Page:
The documents reveal the campaign’s most sensitive calculations. Much of the strategizing in the Georgia contest, as is typical in southern politics, revolves around race. But the Nunn memos are incredibly unguarded. One is from Diane Feldman, a Democratic pollster and strategist who counts among her clients Minnesota senator Al Franken, South Carolina representative James Clyburn, and former Los Angeles mayor Antonio Villaraigosa. Feldman, who did not return calls seeking comment, is frank in her characterization of the demographic groups — Jews, Asians, African Americans, Latinos, and gays — that are essential to a Democratic victory. The Nunn campaign declined to comment about the document on the record.
The campaign’s finance plan draws attention to the “tremendous financial opportunity” in the Jewish community and identifies Jews as key fundraisers. It notes, however, that “Michelle’s position on Israel will largely determine the level of support here.” That’s a position she has yet to articulate — her message on the subject is marked “TBD” in the document — and Israel goes unmentioned on her campaign website.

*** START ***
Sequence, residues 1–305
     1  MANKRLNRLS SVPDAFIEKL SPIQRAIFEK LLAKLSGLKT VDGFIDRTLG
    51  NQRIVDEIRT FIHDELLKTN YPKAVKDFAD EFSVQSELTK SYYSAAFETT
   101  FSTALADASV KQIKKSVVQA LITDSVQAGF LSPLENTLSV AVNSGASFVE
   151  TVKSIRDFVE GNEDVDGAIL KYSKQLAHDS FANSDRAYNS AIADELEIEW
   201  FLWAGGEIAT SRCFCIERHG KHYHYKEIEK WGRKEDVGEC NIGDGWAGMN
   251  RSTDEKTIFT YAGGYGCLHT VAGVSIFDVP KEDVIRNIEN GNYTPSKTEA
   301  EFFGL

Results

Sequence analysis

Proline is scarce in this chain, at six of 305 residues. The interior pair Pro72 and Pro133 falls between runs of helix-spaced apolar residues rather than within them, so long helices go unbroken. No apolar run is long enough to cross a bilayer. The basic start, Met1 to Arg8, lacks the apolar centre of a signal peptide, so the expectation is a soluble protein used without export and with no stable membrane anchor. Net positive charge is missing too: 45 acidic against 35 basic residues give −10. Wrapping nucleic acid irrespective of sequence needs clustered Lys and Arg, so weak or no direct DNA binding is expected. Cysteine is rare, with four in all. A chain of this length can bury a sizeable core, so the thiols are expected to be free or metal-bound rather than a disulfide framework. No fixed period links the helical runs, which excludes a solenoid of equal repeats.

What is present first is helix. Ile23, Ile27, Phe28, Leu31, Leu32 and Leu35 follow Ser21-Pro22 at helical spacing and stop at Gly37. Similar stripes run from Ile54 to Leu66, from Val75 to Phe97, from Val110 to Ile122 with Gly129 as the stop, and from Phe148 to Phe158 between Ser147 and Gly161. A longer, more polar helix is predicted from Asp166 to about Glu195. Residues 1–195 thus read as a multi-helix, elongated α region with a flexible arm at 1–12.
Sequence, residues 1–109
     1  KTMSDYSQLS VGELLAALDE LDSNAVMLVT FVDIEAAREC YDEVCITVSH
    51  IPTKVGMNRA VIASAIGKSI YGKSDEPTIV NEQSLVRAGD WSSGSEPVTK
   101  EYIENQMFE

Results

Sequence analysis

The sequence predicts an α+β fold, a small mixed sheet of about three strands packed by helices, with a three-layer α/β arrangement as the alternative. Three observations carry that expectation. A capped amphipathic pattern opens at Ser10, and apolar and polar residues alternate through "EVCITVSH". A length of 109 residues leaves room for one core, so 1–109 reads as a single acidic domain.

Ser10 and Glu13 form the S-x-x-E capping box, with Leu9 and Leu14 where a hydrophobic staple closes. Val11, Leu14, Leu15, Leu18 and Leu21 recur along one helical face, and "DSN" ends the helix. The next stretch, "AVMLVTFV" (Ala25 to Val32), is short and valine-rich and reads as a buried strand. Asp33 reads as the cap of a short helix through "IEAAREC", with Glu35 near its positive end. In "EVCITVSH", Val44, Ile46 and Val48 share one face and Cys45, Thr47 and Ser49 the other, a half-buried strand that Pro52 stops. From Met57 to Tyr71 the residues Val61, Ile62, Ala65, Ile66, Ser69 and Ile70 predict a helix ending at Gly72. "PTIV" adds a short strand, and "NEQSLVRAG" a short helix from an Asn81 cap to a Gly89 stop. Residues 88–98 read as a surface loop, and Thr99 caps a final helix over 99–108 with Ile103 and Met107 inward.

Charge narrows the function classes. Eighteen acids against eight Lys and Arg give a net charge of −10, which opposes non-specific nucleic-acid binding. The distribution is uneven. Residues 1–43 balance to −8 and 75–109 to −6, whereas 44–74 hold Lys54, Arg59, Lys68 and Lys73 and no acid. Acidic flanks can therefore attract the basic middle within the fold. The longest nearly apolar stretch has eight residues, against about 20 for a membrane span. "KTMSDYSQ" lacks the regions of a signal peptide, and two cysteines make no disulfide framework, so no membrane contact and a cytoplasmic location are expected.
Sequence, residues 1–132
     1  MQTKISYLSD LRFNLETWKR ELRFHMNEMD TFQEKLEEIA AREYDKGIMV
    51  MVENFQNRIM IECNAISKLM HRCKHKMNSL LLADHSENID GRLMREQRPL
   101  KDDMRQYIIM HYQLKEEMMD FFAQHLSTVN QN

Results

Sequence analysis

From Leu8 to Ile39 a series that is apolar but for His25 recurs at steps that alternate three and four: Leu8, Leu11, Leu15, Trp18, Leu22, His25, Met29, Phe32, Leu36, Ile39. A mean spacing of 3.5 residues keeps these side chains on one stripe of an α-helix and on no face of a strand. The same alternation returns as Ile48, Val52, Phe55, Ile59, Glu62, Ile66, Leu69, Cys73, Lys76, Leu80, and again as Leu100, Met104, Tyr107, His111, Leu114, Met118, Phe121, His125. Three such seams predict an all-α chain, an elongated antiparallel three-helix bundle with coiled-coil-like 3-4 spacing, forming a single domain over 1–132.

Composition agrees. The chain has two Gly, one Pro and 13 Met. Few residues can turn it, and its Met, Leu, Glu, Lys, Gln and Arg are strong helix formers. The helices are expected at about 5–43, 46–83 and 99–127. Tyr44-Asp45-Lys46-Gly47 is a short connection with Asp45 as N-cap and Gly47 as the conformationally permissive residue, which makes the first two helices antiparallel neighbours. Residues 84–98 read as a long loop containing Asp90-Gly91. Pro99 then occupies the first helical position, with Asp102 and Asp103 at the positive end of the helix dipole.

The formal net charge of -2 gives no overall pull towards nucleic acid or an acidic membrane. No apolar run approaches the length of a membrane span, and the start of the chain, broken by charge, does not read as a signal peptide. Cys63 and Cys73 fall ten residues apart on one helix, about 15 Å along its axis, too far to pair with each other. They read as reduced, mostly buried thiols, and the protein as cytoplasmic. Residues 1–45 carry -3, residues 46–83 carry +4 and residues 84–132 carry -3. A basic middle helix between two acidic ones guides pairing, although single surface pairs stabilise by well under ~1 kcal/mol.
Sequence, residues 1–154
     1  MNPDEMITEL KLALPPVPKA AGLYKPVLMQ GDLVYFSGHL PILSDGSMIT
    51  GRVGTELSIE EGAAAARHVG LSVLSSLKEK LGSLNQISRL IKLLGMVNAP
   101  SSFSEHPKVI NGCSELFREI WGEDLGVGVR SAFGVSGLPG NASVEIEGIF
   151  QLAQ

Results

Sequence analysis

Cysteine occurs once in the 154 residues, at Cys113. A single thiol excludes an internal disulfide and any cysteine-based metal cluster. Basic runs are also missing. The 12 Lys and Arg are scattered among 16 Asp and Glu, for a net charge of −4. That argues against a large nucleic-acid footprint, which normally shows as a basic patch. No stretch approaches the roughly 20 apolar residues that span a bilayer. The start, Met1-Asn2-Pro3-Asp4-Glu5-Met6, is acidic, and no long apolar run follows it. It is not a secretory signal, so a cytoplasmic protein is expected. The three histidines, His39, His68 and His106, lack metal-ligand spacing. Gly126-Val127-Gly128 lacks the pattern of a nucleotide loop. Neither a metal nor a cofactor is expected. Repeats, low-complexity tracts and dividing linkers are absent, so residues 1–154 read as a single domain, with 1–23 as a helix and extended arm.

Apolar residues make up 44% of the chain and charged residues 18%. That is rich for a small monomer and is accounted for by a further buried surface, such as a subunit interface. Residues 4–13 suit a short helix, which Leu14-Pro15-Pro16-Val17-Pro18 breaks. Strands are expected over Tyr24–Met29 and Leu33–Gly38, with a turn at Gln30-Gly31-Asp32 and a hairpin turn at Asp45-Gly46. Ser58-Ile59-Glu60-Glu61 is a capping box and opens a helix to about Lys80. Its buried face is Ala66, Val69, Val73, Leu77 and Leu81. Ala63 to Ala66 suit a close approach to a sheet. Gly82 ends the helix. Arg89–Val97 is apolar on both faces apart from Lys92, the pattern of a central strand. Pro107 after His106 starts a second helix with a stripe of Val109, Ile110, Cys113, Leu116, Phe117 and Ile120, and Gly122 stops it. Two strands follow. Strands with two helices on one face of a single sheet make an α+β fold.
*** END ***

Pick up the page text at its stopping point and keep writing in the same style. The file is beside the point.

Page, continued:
Asians are also identified as key fundraisers. The community is described as “very tight,” one in which people work to “become citizens quickly.” Nunn’s strategists also say there is a “huge opportunity” to raise money from gays, bisexuals, and transgender individuals, who are described as having “substantial resources.”
As southern whites have moved to the right, Democrats have been forced to cobble together a coalition of minority voters. Feldman recommends as a goal winning just 30 percent of the white vote while working to increase turnout among African Americans and Latinos. So while Jews, Asians, and gays are characterized as potential “fundraisers,” African Americans and Hispanics are the ones the campaign needs to get to the polls in historic numbers, the document makes clear.
The document in its entirety can be viewed below.
2014 Michelle Nunn Campaign Memo